truth. In the same degree in which the Every instance of unnecessary ne. foundation is weakened or impaired, glect of publick worship is chargeable the stability of the superstructure is afwith the guilt of disobedience to the di- fected. Let the publick altars of reliFine authority. Publick worship is a gion be deserted, and religion itself must divine institution. Not to forsake the expire. Now it is obvious that those, assembling of ourselves together is an a- who entirely withhold from the institupostolick injunction. Whenever there- tion of publick worship their countenance fore we desert this institution withoạt an and support, contribute, as far as their adequate cause, we disobey an express example and influence extend, to the command, and consequently incur the destruction of the visible church, and divine displeasure. The circumstance consequently to the extinction of Chrisof the neglect being only occasional, tianity. And has not every instance of alters not the nature of the offence. neglect the same tendency? As often Were it to occur but once in the course as an individual absents himself from the of our lives, it would still be an omis- publick assemblies of Christians, does sion of duty, and, as such, ought to pe. be not virtually desert the banner of netrate our hearts with contrition, and Christ, and swell the ranks of the ene. carry us to the throne of grace for mies of his cross? Has not the Saviour
said, he that is not with me, is against This neglect is inconsistent with that me? The effect of his absence may feverence which is due to the sanctua- not be perceived at the time, but it ry of God, and to the name which is does not therefore follow that it will not there recorded. Does the high and lofty be felt; and were his example to be One, who inhabiteth eternity, conde, generally followed, the consequences scend to dwell in temples made with would be as visible as they are real ;
the cause of truth and righteousness struction and devotion after another to would languish, and darkness would a- páss away unimproved, are in a great gain cover the earth. The warfare in measure unmindful of their obligatious, which the church is engaged, lis a per- insensible to their highest interests, and petual warfare ; the enemies with which in danger of coming short of that rest she has to contenu are vigilant and ac- which remaineth for the people of God! live ; and not a single soldier can be Viewing their conduct in the inost faspared from her ranks, even for a day, vourable light, is it sufficiently plain that without prolonging her conflict, and de. they are, conformably to the spirit of laying her triumpbs. How fearlul then the scriptural injunctions, seeking first the responsibility incurred by those who the kingdom of God and his righteous. so often toma deaf ear to the call of duty, ness, fighting the good fight of faith, and without any adequate excuse with- striving to enter in at the straight gate, hold their influence from a cause which giving all diligence to make their calthey are pledged to support ;-a cause ling and election sure ? Are there not in which angels delight to be employed; grounds to fear that they will be found for which the Saviour left the bosoni of at last among those to whom the Saviour his Father, and expired upon the cross ; refers, when he says, Many will say and for the advancement of which he unto me in that day, Lord, Lord, have still intercedes at the right hand of God. we not prophesied in thy name ? and in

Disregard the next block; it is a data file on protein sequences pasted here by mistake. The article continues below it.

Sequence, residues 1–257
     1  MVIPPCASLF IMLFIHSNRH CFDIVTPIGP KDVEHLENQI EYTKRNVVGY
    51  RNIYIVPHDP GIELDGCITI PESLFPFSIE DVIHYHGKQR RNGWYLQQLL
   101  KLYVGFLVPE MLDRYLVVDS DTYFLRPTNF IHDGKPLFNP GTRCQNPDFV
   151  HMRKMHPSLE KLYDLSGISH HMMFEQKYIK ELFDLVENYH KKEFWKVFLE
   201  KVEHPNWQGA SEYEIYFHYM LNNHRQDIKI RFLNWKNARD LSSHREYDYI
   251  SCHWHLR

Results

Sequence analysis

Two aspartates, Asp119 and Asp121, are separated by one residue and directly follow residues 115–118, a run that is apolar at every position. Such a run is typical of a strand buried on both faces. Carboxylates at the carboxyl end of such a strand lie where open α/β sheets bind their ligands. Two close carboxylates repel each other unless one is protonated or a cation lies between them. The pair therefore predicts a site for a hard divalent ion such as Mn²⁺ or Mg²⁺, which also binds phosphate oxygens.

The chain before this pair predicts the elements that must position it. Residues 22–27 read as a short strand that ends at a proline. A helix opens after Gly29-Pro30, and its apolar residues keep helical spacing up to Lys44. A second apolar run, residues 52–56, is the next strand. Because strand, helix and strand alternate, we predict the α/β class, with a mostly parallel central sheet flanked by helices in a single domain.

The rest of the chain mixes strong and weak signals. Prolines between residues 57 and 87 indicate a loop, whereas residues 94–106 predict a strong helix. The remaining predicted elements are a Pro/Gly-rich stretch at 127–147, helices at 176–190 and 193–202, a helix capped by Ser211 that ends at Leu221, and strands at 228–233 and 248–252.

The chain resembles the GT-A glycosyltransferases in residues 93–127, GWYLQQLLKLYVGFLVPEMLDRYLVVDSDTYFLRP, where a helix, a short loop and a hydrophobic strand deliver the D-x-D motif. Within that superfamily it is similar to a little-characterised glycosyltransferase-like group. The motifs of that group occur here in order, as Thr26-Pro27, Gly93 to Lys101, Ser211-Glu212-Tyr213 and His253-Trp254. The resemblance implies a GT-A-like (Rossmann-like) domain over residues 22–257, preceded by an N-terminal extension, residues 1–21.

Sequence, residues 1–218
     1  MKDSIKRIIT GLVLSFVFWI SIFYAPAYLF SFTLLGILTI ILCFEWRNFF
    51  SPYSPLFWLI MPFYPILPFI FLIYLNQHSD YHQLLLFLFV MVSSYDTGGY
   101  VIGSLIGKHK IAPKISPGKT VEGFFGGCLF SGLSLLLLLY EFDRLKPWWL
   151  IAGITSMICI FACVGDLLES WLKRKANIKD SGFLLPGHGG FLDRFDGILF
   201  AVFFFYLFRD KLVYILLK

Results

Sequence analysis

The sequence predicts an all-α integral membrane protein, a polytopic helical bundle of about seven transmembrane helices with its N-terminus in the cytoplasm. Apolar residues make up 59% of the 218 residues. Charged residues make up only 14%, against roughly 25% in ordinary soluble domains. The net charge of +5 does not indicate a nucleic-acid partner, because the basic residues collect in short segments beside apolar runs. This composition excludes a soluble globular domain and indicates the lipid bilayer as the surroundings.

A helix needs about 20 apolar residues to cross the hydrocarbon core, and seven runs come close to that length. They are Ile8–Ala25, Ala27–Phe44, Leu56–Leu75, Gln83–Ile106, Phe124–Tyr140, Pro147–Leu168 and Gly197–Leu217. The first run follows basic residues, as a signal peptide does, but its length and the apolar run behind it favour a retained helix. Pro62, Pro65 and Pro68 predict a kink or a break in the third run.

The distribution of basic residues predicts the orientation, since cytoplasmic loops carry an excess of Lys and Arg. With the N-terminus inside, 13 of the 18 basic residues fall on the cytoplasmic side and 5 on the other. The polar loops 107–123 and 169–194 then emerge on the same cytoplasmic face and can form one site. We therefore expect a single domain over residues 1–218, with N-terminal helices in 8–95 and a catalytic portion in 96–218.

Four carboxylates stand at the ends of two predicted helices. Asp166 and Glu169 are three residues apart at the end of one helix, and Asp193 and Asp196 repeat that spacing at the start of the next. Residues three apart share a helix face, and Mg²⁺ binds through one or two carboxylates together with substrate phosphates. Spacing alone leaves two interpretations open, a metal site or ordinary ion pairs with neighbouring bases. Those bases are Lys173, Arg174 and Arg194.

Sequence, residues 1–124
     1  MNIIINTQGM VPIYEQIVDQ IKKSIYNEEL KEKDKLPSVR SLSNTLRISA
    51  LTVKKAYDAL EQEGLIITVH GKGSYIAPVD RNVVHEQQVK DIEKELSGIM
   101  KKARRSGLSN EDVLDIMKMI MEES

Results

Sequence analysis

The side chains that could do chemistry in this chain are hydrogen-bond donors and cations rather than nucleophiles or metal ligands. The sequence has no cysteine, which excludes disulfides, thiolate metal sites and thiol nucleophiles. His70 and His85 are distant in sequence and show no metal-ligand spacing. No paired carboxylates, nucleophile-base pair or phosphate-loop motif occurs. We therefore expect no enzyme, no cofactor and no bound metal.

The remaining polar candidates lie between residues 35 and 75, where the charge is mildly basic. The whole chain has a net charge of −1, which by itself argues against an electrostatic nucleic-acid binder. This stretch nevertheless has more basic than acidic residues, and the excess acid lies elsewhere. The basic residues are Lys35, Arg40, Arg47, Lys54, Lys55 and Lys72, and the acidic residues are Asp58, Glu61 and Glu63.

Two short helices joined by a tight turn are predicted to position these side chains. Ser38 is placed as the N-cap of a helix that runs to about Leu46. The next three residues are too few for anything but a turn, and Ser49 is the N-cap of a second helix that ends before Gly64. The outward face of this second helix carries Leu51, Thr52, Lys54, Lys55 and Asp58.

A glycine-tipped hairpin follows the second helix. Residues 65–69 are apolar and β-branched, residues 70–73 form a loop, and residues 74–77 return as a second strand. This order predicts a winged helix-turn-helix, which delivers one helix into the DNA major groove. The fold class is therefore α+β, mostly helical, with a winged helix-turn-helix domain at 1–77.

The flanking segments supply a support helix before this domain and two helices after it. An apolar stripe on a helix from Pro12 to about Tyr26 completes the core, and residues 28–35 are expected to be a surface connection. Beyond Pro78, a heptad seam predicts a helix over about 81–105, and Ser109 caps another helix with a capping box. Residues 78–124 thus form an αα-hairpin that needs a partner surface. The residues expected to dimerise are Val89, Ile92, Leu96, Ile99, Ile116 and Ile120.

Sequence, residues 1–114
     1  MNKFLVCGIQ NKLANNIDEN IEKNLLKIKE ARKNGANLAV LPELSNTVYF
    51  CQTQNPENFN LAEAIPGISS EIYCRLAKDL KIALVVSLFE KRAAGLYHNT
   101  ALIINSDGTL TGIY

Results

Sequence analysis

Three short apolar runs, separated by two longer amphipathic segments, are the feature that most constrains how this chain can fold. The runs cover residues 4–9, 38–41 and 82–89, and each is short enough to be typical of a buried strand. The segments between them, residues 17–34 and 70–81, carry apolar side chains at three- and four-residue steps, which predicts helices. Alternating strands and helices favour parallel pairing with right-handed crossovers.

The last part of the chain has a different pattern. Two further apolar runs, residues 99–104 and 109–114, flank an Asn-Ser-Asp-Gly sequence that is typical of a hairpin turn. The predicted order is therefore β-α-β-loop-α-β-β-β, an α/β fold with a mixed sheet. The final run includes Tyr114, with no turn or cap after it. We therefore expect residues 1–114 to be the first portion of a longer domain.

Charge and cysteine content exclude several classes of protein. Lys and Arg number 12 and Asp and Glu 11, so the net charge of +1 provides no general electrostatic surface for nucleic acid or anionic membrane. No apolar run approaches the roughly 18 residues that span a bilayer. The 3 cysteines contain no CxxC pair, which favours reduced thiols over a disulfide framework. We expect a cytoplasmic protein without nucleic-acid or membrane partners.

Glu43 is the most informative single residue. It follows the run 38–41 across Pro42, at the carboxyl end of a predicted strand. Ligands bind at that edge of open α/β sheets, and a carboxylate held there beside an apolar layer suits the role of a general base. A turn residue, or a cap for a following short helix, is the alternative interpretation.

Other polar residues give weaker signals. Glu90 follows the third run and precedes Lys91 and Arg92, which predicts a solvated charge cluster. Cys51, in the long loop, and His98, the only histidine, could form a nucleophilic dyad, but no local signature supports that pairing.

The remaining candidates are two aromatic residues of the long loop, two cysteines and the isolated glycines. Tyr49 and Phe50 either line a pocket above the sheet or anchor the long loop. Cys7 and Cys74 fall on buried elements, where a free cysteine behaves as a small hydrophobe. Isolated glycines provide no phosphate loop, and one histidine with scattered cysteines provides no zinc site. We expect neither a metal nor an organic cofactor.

There is yet another point of view in thy name cast out devils ? and in thy which the neglect under consideration name done many wonderful works? assumes an alarming aspect. I mean And then will I profess unto them, I in its influence on the inoral and reli. never knew you: depart from me, ye gious character and attainments of those that work iniquity.” Reader, art thou who indulge it. The great design of verily guilty in this thing? In peruspublick worship, in common with the ing the above remarks, has conscience other means of religion, is to enlighten whispered, Thou art the man ? Have our minds in the knowledge of divine many of thy sabbaths been misemploytruth, and to form in us those holy prin- ed; many seasons of worship neglected ? ciples, dispositions, and habits, which What then is thy state before God ? constitute a meetness for the kingdom What account wilt thou be able to give of heaven. The means and the end of the talents which he has committed are inseparably connected. The latter to thy trust? Is not the great work, cannot be obtained without a right use which he has given thee to do, yet unacof the former. It is true in spiritual complished ? Were thy soul to be reconcerns, no less than in temporal, that quired of thee this night, would not thy it is the hand of the diligent only that last moments be embittered by a cermaketh rich. Hence we observe, that tain fearful looking for of judgment and the brightest examples of piety and vir. fiery indignation Think of these things Lue have uniformly been found among before it is too late. Thy remaining sabthose, who have eviuced the most ar. baths and seasons of improvement will Jent attachment to the publick institu- soon be numbered. Trifle no longer tions and ordinances of the gospel. with the things that belong to thy peace. “ Those that be planied in the house of Learn so to number thy days as to apply the Lord,” says the Psalmist, “shall flou• thy heart unto wisdom. And when thy rish in the courts of our God.” Is there last hour shall arrive, may it find thee a not then reason to apprehend that those successful suppliant at the throne of the persons, who are remiss in their obser- heavenly grace, and bring to thy ears vance of the outward means of grace, the welcome sentence, “ Well done, who, without any apparent concern, thou good and faithful servant, enter susier one opportunity of religious in- thou into the joy of thy Lord." A.